They were boldly going where they had never gone before. The county road crossed vast ranchlands. Along the way, they came across the ranch manager and his helper working on some fences. Both were very friendly and several minutes were spent sharing stories about the Nez Perce. The rancher told Happy Jack and Lone Writer where the county road ended and the private road began. He said he could not give permission to proceed onto the private road.
The 40 miles of county road ended at the entrance to a huge corral. A sign posted on the fence warned the road was private on the other side. The road back to White Bird does not follow the exact route used by the Nez Perce. They had no roads to follow and considered all the land to be their own private property.
There were plenty of scenic views from hilltops overlooking valleys and ravines. Rivers in the area are now controlled with dams. Some of the bridges are one lane wide providing a more primitive experience looking down on the water from both sides of the vehicle.
The town of White Bird is very small and has little to offer a traveler. Its single street has only one intersection providing two exits. One way goes to the highway and the other provides access to more open country including the White Bird Battleground.
The battleground has limited room for parking at the trailhead. The trail is for hikers only. There are numerous historic markers along the trail describing how the battle took place in the valley.
Fight and Flee
The Indians with the white flags approached the army a good distance away from the village. They expected their greeting would not go well and wanted to keep the fighting away from the women and children.
That first battle went well for the Nez Perce. Whether they purposely took out the buglers first or if it was just by chance is not known. In any case, doing so severely crippled General Perry’s chance of forming a strategic attack and his army was slaughtered. His men were trained to fight as a team under his guidance. The Nez Perce fought as individuals with each warrior deciding his own best approach.
After that first battle, the Nez Perce knew they would be hunted by the army. The warriors in the band drew the attention of the soldiers by attacking them from every possible position. In the meantime, the women and children traveled across the Camas Prairie to put as much time and distance as possible away from their pursuers.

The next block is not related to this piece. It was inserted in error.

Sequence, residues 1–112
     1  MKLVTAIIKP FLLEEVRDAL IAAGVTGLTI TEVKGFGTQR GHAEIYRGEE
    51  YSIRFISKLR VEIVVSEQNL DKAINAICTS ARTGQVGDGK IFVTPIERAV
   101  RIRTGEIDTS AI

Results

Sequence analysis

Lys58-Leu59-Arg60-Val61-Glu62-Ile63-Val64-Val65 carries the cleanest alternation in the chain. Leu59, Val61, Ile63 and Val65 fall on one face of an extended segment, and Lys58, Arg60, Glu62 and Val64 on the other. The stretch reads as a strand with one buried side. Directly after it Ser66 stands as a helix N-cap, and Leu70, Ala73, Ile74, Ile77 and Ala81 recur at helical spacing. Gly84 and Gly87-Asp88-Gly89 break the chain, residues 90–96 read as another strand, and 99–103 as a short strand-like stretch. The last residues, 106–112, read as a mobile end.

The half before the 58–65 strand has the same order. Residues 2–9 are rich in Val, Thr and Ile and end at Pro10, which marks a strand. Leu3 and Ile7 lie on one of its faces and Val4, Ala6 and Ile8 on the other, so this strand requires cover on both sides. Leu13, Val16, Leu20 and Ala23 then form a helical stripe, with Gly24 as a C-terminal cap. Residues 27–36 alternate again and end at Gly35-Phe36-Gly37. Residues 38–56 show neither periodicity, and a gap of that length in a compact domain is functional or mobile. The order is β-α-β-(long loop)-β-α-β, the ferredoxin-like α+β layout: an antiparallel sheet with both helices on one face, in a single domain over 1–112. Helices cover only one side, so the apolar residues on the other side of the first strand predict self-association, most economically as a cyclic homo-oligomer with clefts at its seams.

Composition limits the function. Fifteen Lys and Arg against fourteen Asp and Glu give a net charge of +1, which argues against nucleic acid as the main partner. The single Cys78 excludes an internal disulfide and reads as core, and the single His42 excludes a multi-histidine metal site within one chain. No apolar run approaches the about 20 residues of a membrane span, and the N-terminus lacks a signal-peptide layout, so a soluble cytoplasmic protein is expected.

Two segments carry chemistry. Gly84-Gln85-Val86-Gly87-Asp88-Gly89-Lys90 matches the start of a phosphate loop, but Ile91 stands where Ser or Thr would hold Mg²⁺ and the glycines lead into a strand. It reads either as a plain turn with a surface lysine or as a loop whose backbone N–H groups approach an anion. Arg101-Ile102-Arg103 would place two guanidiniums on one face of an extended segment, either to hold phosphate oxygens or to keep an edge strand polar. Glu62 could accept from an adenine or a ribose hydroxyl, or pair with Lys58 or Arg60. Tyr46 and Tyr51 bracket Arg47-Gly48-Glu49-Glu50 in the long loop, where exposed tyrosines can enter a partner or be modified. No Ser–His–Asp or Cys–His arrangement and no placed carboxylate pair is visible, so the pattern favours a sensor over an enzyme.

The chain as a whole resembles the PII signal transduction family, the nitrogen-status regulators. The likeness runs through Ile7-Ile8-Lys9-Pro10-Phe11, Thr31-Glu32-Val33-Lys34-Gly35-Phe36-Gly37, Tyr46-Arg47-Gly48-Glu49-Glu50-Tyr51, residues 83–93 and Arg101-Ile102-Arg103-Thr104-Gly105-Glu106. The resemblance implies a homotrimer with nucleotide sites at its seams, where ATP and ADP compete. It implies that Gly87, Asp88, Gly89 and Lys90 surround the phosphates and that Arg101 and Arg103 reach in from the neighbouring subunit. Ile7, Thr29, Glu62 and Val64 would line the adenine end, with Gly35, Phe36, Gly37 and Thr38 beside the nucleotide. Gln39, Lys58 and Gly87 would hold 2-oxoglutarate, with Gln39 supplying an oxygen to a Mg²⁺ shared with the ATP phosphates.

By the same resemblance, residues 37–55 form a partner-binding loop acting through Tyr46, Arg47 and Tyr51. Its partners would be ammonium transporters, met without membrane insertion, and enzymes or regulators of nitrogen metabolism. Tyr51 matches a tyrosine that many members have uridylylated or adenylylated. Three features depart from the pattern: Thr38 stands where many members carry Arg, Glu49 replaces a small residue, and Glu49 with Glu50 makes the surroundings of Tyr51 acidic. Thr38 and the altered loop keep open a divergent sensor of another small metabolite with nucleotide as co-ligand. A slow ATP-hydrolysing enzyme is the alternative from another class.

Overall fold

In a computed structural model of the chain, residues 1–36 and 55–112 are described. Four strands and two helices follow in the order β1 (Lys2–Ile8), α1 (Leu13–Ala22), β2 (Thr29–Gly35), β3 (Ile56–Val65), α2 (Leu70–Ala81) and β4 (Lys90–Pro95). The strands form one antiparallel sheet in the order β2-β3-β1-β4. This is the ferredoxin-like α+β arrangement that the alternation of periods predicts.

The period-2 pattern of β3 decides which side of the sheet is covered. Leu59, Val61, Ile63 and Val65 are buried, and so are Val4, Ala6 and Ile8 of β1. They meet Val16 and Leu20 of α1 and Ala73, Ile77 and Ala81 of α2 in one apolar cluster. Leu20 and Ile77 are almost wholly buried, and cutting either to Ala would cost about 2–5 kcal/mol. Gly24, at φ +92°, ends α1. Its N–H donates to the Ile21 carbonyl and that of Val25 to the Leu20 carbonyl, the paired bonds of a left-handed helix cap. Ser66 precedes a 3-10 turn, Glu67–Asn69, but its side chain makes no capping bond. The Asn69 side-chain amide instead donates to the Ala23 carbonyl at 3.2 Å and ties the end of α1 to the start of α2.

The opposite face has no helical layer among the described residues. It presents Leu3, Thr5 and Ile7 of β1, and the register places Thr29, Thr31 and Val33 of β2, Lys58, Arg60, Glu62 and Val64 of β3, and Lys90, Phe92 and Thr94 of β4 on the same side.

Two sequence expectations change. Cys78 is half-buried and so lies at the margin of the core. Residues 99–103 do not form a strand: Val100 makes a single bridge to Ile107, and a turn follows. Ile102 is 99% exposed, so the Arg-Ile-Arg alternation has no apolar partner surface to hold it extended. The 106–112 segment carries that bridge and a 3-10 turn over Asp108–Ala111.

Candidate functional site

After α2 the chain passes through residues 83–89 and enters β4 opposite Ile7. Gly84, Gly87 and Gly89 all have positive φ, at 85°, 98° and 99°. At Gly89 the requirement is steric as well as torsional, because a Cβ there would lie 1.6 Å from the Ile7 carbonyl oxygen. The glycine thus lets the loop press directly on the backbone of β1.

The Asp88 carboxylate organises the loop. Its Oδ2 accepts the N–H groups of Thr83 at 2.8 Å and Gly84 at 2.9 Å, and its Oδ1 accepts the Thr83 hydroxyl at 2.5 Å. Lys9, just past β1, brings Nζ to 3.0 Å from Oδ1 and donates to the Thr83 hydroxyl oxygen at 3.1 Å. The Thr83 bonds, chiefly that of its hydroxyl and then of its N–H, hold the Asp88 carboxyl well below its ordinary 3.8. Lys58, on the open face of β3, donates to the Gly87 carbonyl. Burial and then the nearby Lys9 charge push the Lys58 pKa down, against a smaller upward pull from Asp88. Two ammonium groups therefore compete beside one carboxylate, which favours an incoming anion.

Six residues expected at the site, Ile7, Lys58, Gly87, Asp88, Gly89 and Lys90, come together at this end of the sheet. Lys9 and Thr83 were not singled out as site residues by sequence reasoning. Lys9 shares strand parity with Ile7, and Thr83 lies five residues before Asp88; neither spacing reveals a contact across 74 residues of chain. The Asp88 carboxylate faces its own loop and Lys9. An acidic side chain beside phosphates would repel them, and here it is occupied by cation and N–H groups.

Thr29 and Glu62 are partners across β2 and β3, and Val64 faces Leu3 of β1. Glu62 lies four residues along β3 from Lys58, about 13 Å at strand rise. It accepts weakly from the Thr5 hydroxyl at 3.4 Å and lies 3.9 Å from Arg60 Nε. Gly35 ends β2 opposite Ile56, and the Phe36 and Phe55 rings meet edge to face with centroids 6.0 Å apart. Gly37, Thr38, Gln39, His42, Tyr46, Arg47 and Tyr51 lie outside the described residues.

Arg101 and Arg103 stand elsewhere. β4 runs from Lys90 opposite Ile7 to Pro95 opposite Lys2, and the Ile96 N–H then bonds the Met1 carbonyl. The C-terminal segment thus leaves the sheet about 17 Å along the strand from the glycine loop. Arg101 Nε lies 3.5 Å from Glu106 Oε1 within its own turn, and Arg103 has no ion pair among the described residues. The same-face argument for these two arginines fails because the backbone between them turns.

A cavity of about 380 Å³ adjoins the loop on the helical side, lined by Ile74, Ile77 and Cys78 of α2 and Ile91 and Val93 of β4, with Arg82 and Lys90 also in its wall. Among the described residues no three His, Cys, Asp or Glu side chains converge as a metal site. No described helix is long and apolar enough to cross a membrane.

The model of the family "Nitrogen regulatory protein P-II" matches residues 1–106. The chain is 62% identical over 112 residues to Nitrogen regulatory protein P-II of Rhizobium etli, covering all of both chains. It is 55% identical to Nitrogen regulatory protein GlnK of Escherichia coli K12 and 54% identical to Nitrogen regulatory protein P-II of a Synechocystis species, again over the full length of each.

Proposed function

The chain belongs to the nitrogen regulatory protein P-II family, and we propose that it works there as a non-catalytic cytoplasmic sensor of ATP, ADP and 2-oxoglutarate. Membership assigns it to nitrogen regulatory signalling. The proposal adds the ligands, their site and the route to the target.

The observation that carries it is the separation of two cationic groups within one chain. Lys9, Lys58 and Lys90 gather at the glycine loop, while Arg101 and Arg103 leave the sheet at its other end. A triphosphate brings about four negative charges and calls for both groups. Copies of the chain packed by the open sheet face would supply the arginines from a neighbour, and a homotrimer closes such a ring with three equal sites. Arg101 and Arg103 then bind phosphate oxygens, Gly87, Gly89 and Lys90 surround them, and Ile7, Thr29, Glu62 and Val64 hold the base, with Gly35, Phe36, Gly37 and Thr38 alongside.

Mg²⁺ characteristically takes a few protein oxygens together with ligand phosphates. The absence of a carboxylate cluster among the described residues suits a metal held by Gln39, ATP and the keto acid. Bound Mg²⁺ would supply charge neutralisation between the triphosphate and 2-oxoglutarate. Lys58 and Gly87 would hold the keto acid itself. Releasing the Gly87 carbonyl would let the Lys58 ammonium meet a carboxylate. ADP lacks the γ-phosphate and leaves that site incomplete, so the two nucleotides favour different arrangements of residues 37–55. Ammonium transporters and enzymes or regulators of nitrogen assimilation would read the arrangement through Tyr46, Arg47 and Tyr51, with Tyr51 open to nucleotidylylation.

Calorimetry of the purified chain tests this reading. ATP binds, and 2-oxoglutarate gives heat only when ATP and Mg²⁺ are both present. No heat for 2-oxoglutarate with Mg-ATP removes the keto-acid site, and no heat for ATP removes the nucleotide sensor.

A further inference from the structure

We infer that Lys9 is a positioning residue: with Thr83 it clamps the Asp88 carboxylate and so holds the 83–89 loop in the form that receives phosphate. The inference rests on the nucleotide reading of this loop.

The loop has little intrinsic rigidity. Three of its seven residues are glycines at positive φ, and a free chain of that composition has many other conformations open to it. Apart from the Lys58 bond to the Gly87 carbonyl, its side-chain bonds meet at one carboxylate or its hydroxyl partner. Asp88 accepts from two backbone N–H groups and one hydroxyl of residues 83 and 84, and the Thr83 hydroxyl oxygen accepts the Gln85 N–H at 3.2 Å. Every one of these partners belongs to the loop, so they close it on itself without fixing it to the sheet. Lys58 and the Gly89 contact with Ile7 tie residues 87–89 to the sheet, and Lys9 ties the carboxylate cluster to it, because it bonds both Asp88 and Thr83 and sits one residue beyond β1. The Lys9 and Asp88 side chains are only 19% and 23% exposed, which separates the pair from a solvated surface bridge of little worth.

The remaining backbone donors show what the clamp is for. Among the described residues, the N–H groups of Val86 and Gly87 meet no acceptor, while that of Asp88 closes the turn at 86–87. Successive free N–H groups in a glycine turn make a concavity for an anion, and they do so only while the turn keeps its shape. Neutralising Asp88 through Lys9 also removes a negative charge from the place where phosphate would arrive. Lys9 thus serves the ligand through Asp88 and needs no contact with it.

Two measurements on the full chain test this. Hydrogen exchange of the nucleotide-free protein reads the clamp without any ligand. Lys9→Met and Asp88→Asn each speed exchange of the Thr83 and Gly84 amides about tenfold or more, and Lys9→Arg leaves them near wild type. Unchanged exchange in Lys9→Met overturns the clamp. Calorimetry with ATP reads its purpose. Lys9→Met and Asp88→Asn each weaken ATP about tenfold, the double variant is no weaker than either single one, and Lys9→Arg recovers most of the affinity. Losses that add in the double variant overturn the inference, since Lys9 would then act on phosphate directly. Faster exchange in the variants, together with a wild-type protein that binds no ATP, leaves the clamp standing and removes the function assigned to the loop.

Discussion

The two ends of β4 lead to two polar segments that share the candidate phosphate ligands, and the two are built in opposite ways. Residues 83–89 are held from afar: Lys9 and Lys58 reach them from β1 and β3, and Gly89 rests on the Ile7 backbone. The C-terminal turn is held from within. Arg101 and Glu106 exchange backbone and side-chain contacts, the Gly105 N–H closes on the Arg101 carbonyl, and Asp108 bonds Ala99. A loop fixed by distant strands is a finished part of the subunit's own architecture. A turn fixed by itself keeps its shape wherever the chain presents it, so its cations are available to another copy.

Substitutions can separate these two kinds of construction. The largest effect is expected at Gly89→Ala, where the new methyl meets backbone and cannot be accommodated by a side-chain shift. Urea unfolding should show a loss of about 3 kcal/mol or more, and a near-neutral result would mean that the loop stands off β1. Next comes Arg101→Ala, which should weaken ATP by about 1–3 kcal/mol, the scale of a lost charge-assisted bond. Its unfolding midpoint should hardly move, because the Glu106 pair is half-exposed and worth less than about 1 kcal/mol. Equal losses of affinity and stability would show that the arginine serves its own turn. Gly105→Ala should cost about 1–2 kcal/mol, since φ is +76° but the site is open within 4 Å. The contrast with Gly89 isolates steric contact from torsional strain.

The book referenced below has many stories from the soldiers, the settlers, and the Nez Perce who lived through the battles. As with any war, there are tales of compassion as well as tales of brutal actions on all sides of the war. Join us next month as we proceed across the Lolo Trail to the bloody massacre at Big Hole.
Much of the information used in this story was obtained from a well-written guide book called, Following the Nez Perce Trail, written by Cheryl Wilfong.
Maps and other information were provided by the Nez Perce Trail Foundation: 194 Hwy 28, Salmon, ID 83467, (208) 940-0053. You are invited to join the foundation. Your membership fees help to support improvements to the trail.
The Xterra Pro-4X driven by Lone Writer is provided by Nissan. Tires are provided by BFGoodrich. GPS and mapping software is provided by DeLorme.
|Navigation: GPS Positions|
|The GPS positions below begin at the end of the County Road at the corral. This is the closest point to Dug Bar that can be reached on the north side of the river. The /0 means to reset your trip meter.|
|0||45 50.5638||116 35.6484||Begin the trail at corral.|
|7.3/0||45 54.9753||116 33.6639||Stay right at both intersections.|
|14.3/0||45 52.8064||116 24.6523||Right turn on the switchback road.|
|8.3/0||45 48.2422||116 22.0809||Left fork.|
|6.9/0||45 46.2842||116 20.0458||Left fork.|
|4.0/0||45 45.5994||116 18.1132||Go straight through the town of White Bird.|
|1.9||45 46.8718||116 16.5168||White Bird Battleground.|